Now that the dust has settled, yet another long offseason has begun in Newark. Like I’ve mentioned in some of my previous articles, there’s plenty of blame to go around for missing the playoffs. Circumstances like all the one-goal losses, injuries to key players, and glaring lack of forward depth all played their parts, but are largely viewed as inevitable growing pains that come from orchestrating a proper rebuild. While Devils fans can reflect on a number of encouraging positives that came out of this season, it’ll be difficult to refrain from dwelling on how close this team was from making that unprecedented postseason appearance. Having said that, New Jersey had three major but largely overlooked shortcomings, which were the primary detriments to the team’s eventual demise.
Lacking size up front…Although some of the Devil’s top scorers like Mike Cammalleri, Kyle Palmieri, and Lee Stempniak were smaller than the average NHL height (73 inches), the trend persisted throughout the team’s forward lines. Players like Jordin Tootoo, Tyler Kennedy, Stephen Gionta, and Bobby Farnham all played significant numbers of games throughout the season, and were overly susceptible to frequently getting sized off along the boards, the corners, and front of the opponent’s net. The Devils are certainly a faster group up front, which came at the expense of parting with some of their bigger (though mostly older) forwards. While speed has certainly become a fundamental part of today’s game, it hasn’t made size any less of a necessity in the NHL.
The chart below displays the height range of forwards (with at least 30 games played) for all eight Eastern Conference playoff teams, in comparison to New Jersey’s.
*Forwards who played 30 or more games
*Chart heights are measured in inches
*Six feet – 72 inches
No Eastern Conference team has more forwards smaller than six feet, or fewer taller than six feet than the Devils. Pittsburgh, Tampa Bay, and Detroit have the second to fourth-largest groups of smaller forwards, but offset this with an equivalent number of taller players, or feature premiere talents on their roster like Zetterberg, Johnson, Stamkos, Kucherov, and Crosby (just to mention a few). The Devils don’t have one forward that’s remotely comparable.
Low shooting numbers…The Devils had the fewest shots of any team in the NHL, which on its own could have facilitated their eventual downfall. Out of the ten lowest-shooting teams in the NHL, seven would miss the playoffs. Conversely, seven of the NHL’s ten highest-shooting teams are competing in the postseason. Having said that, there are playoff teams in the Eastern Conference that were among the lower shooting teams in the league this year. The next chart I’ve prepared shows a particular common statistic on the amount of shots the top-ten shooters of all eight playoff teams average in a game throughout the season, compared to New Jersey’s.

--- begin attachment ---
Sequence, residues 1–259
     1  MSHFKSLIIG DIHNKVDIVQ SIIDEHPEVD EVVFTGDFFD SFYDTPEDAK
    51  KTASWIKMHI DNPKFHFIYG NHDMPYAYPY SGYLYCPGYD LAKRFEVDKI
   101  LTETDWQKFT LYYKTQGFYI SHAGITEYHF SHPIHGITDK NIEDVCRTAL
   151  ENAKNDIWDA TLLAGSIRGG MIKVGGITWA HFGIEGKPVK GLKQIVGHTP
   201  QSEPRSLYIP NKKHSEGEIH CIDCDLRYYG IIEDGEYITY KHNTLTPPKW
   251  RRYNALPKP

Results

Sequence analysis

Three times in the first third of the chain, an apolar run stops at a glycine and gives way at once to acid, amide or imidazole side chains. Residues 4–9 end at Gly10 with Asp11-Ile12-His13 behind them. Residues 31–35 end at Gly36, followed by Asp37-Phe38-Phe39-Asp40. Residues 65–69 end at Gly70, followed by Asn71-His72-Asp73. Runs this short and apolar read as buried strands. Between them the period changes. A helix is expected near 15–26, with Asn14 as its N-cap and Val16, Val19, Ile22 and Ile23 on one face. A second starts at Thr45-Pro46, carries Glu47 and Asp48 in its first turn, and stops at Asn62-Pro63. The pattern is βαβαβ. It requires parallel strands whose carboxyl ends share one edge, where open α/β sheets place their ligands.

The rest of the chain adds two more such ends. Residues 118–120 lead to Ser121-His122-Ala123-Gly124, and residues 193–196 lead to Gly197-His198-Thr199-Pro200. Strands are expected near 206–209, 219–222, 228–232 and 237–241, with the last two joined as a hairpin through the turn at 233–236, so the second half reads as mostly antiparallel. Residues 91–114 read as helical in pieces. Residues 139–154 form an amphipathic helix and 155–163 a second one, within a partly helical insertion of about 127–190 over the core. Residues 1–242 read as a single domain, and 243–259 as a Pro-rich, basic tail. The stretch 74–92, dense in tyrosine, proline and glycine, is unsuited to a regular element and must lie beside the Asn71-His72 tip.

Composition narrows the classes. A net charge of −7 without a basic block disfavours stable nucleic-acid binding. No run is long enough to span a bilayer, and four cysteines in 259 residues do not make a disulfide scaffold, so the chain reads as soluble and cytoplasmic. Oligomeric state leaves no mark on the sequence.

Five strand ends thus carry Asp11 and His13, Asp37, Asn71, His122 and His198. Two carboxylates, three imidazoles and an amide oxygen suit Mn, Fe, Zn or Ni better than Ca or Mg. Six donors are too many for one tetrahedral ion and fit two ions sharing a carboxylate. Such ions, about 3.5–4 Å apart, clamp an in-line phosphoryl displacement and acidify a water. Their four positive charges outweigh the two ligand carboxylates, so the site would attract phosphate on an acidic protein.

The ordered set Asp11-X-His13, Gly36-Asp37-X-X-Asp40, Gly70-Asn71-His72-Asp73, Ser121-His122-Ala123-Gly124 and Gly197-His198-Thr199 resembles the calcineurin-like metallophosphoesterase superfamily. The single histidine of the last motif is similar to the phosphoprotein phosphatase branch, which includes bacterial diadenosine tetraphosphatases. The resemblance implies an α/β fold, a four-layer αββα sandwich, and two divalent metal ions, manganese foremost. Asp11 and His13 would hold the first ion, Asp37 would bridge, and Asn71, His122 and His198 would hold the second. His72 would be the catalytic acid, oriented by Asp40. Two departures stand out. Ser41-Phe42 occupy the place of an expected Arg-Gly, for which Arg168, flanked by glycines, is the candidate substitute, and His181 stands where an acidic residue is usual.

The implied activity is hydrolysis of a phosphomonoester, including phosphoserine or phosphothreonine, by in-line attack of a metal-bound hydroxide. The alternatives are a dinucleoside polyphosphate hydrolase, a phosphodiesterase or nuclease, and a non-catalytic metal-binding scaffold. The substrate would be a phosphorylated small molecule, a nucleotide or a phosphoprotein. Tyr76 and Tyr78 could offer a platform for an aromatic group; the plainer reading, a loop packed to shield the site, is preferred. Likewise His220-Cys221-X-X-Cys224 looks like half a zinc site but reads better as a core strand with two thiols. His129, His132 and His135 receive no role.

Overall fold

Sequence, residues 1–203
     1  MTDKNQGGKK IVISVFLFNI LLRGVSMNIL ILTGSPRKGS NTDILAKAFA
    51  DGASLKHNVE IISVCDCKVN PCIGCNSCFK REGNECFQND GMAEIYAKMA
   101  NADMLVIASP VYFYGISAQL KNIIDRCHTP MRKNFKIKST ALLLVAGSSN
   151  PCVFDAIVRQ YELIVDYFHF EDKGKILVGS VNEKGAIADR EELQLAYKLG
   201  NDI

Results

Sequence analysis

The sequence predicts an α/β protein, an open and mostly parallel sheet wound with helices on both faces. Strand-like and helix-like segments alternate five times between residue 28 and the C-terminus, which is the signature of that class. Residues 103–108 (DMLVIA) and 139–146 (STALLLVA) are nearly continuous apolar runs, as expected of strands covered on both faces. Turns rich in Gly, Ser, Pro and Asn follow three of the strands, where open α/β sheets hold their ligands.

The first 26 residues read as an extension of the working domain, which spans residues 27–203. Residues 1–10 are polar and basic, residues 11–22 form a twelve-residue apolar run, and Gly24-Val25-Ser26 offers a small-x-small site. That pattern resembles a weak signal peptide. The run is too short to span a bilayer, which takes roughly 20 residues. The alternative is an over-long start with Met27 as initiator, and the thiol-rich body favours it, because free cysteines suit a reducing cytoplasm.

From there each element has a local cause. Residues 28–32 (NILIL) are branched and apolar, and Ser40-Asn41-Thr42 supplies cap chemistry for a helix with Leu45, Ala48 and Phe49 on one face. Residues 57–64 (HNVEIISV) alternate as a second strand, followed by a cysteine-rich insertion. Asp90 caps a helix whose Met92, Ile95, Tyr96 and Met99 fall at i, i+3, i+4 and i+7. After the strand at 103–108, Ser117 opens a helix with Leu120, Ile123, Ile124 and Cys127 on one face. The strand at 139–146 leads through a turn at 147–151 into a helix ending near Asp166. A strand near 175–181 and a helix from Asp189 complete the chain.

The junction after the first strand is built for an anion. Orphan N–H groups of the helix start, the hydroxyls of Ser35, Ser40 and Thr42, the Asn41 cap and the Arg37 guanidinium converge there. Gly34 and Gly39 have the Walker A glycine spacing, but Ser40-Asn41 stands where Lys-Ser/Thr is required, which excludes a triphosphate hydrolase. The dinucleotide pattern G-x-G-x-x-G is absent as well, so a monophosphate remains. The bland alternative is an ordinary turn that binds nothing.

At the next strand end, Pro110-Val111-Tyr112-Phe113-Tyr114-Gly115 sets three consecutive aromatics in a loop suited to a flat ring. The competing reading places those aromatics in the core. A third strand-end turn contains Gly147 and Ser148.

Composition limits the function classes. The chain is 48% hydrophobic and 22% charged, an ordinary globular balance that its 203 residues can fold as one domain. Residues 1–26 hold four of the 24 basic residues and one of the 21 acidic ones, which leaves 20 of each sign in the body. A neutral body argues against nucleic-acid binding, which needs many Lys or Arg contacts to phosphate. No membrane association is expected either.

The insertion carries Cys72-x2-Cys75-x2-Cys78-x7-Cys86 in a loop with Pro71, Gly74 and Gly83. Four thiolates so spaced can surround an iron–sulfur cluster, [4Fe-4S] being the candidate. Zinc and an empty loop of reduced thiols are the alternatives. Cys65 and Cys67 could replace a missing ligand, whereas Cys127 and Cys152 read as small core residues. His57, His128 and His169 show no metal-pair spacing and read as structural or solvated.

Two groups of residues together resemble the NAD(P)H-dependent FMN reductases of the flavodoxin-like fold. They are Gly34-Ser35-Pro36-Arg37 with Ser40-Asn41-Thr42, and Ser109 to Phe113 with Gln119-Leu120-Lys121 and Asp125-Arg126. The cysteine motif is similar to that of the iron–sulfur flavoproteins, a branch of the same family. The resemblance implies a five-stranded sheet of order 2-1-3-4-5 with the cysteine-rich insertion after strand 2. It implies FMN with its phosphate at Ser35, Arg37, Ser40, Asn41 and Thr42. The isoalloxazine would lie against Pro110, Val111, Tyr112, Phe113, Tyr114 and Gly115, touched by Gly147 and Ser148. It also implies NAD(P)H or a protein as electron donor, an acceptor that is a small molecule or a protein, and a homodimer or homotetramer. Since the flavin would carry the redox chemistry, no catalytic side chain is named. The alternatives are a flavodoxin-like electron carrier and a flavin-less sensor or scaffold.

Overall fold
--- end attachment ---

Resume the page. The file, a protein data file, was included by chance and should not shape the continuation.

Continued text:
|Team||Shots/Gm Rank||T-10 Avg.|
Apparently in the Eastern Conference, there’s something to be said about your team’s playoff chances if your top-ten shooters were averaging at least two shots a game. The only Eastern Conference playoff teams that were among the ten highest-shooting in the league were Pittsburgh (No. 1), Philadelphia (No. 5), and Washington (No. 6). Teams like Florida (No. 24) and the Rangers (No. 26) were among the lowest-shooting teams, while the rest finished in the 15-19 range.
Goal droughts…The Devils had no shortage of players who had one of these, which provides a lot of insight behind why they were the lowest shooting and scoring team in the league. Although the league’s top scorers are even prone to suffering the occasional stretch of games without a goal the Devil’s forwards took that trend to another level. It wasn’t just how many Devils forwards suffered one (or multiple) goal droughts but the significant roles they had (or were given), as indicated by the number of games they played.
|Player||GP||Goal Droughts||10-19 Games||20-29 Games||30+ Games|
No other Eastern Conference playoff team even comes close to having the number of goal droughts that plagued the Devils. Granted many of these players spent most of their time playing the role of a 7th-12th forward, notable players like O’neill, Tlusty, Kennedy, Josefson, and Kalinin, were given considerable playing on the Devil’s first and second lines with hopes of fully rounding out the team’s top-six depth. Consequently, this never came to fruition, and was further exploited in the wake of Mike Cammalleri’s season-ending injury and when Lee Stempniak was traded.
The one positive is how identifiable and addressable these detriments are without disrupting the direction of the rebuild, or the core foundation that’s in place. A portion of the Devil’s undersized, low-shooting, and scoring players are either unrestricted free agents this summer or will hopefully have a smaller role.